In reply to by FrankDrakman

Sonny Brakes Thu, 09/28/2017 - 20:22 Permalink

Houses need continuous replacement over the lifetime of its mortgage so yes it does, over time, go up in value, but the number of people able to afford proper housing will continue to dwindle and the state will continue to tax people out of their homes.

Mazzy Sonny Brakes Thu, 09/28/2017 - 22:01 Permalink

The elitists want their own fiefdoms via rental properties.  They don't give a fuck if 90% of people are priced out as long as they can get their income stream.  Why would they want reform or any increase to actual supply?In times of olde you could at least gaze upon the hill toward the Baron's castle and figure out who literally owned your ass.  Today it's a bit harder, they are hidden behind tax policy and shell companies.  It was actually a little more honest when the Baron had to send a tax collector and a couple of knights door-to-door to take a chunk of your wealth.

In reply to by Sonny Brakes

Stormtrooper Thu, 09/28/2017 - 20:50 Permalink

END THE FED!!!!!!!!!!!!!!!!!!!!!!!!!!!!!!!!!!!!!!!!!!!!!!!!!!!!!!!!!!!!!!!!!!!!!!!!!!!!!!!!!!!!!!!!!!!!!!!!!!!!!!!!!!!!!!!!!!!!!!!!!!!!!!!!!!!!!!!!!!!!!!!!!!!!!!!!!!!!!!!!!!!!!!!!!!!!!!!!!!!!!!!!!!!!!!!!

yerfej Thu, 09/28/2017 - 21:39 Permalink

It will not matter if Toronto melts down as there is no one living there that is from this planet, they are all complete leftist zipper heads.

Mazzy Thu, 09/28/2017 - 21:56 Permalink

I don't give a fuck about housing prices in Jew York, Hong Dong, or San Fransissyco; I only care about my house on my street and the adjacent streets filled with very real and honest neighbors (yeah, even the slightly weird ones, but at least we're all net contributors and just want to be left alone).  

DPLETTENBERG Thu, 09/28/2017 - 22:32 Permalink

In reality we only rent our homes and property from the state. If you don't think so try not paying your property tax (rent) and watch how quick the state will repossess your property.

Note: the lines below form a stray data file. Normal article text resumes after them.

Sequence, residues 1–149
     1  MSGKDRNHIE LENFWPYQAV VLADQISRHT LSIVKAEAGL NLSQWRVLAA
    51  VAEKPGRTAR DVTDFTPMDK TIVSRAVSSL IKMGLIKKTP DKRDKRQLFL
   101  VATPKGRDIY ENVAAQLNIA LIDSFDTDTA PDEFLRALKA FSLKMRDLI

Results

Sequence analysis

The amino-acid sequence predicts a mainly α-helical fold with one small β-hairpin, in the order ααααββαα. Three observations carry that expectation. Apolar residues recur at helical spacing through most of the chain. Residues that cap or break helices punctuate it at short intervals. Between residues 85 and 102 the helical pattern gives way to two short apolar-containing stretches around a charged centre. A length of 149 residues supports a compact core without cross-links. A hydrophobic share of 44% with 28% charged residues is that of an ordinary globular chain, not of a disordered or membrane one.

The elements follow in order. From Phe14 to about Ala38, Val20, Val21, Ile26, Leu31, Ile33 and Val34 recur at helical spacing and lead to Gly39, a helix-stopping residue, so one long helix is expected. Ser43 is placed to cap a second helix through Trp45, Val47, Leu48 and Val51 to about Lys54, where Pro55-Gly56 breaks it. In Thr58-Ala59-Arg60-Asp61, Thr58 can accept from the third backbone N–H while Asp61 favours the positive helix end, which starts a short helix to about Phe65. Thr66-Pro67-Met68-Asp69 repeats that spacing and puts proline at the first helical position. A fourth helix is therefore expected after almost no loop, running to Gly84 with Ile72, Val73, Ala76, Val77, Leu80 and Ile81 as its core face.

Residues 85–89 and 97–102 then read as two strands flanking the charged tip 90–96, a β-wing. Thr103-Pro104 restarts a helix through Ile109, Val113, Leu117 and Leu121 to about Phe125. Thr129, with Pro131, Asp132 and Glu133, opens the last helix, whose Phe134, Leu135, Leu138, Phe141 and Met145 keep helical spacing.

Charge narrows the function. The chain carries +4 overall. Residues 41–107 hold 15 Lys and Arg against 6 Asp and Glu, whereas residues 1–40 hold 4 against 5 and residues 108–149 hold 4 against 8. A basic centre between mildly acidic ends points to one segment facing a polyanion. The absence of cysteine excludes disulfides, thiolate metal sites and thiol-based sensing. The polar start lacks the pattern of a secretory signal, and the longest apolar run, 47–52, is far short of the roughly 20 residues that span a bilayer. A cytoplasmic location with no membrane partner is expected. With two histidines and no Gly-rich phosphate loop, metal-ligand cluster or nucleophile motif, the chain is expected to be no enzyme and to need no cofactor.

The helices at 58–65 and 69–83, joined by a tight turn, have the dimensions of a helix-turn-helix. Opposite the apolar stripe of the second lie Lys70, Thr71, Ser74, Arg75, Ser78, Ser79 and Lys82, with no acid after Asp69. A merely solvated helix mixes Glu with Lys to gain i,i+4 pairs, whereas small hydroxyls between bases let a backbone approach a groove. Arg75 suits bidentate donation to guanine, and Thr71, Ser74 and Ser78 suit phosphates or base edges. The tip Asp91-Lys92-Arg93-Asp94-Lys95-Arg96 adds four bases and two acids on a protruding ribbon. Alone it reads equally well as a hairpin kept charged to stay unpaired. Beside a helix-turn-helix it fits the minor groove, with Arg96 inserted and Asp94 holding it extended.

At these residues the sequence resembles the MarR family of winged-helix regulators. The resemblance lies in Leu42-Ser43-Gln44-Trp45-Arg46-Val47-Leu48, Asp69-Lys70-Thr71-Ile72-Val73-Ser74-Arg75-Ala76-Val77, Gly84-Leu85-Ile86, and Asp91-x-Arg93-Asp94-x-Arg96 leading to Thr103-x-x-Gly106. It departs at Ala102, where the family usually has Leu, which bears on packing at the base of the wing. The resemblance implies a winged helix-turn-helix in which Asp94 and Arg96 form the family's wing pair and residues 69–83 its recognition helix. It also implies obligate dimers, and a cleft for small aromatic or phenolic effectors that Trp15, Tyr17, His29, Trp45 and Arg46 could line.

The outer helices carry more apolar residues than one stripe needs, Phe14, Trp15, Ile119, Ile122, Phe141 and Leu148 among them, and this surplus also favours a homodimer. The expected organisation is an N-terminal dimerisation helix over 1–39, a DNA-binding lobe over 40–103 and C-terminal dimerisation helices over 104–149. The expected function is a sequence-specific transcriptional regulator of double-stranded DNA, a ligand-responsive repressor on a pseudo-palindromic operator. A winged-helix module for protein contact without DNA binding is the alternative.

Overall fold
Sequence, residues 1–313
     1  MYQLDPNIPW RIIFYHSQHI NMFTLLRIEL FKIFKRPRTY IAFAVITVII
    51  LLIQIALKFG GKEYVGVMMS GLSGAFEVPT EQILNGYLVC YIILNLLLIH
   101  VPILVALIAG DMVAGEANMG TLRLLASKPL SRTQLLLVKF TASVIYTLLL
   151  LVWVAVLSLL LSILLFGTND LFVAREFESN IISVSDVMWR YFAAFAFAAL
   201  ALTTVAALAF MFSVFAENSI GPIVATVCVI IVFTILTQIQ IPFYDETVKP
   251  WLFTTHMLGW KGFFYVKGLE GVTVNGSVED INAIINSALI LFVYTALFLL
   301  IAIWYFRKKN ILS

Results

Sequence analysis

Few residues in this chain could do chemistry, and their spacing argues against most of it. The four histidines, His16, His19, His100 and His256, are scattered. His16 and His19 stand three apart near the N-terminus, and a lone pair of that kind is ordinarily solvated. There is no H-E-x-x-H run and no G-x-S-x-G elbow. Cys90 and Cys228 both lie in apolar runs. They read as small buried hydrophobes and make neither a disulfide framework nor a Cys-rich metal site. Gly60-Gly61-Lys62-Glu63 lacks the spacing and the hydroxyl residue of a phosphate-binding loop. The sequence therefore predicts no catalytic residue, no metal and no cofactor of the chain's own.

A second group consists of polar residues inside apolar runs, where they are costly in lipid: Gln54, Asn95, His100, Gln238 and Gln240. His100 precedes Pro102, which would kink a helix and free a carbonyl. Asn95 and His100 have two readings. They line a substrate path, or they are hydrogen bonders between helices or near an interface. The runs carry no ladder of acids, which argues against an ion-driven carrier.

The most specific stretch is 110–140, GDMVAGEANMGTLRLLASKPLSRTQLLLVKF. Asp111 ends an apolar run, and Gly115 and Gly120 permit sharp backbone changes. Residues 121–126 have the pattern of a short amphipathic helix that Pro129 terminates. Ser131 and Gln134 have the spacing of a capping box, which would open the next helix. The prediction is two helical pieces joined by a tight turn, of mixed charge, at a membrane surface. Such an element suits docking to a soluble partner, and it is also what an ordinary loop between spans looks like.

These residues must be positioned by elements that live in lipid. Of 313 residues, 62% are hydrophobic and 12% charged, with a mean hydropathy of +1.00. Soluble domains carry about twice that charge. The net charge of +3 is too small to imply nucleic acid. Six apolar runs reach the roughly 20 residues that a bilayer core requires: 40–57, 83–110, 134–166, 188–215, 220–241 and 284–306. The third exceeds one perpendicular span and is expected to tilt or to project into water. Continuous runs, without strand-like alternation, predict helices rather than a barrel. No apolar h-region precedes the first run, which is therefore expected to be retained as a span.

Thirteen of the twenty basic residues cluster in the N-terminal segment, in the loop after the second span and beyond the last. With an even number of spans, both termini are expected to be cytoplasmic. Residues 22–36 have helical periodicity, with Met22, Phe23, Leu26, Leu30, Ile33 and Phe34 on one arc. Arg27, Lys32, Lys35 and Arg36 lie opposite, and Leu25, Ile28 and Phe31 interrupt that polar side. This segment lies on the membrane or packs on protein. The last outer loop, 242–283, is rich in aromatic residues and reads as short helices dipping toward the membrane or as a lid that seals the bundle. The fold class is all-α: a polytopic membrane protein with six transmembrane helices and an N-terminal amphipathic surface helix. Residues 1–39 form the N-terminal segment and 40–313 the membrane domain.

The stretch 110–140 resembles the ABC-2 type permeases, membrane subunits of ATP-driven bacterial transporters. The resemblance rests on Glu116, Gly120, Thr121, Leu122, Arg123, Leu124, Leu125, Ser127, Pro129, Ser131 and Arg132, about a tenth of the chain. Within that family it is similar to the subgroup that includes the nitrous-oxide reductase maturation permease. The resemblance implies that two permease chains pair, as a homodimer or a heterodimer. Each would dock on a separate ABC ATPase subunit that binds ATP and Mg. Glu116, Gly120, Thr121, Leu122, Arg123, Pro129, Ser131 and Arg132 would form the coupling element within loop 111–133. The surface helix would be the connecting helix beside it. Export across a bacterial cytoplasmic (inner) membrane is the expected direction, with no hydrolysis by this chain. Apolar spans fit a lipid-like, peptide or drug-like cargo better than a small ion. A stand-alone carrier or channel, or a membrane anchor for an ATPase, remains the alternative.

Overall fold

peterk Thu, 09/28/2017 - 22:48 Permalink

the sad thing is real estate prices  EFFECT peoples LIVES in every way.Real estate is a a place to live.Now they have commoditized it into a bubble., and this really impacts the economy in the long run as peoplecant afford to get married  an all that.It then changes consumers spending behaviour as a result.High prices as we know steals expendiure into more productive areas like opening a business etc. But i suppose none of that matters as long as the  FAT OLD FARTS who own properties are now asset richand suddenly are the most important members of their extended families....where as many years ago the oldieswere ignored!.Asset rich, income poor...its always the same story.All bubbles burst, but this one JUST DOESNT it seems. Only when i see EURODOLLAR rates spike up as they did last year, and importanly the JGB rise up which i considera leading indicator, will i say this bubble has burst in property.  

The Real Tony peterk Thu, 09/28/2017 - 23:12 Permalink

The worldwide real estate bubble will implode when all the Chinese go broke. The Chinese always buy highest and try to sell even higher. The Chinese are the creators of most of the modern day bubbles or ponzi's. They will all implode some day and then everyone except the Chinese will have money. Only then can the world rebuild itself.

In reply to by peterk

San Pedro Fri, 09/29/2017 - 00:49 Permalink

Property Flippers have greatly added to this "bubble" valuations horror. We need "owner occupancy"  requirements to assure "real home owners" are buying the properties rather then a flipper that not only contributes to "bubble valuations" but also runs up "property taxes" in "bubble" communities. 

Mission Canyon Fri, 09/29/2017 - 05:04 Permalink

Some pretty ugly ameteur geography in that second map, making it appear as if Stockholm, Sweden is 80° latitude, north of Norilsk, Russia in the Arctic Ocean.  Perhaps moving the town there would cut down on the rapefugee problem?  See if Russia will sell Sweden the un-nuked part of Novaya Zemlya.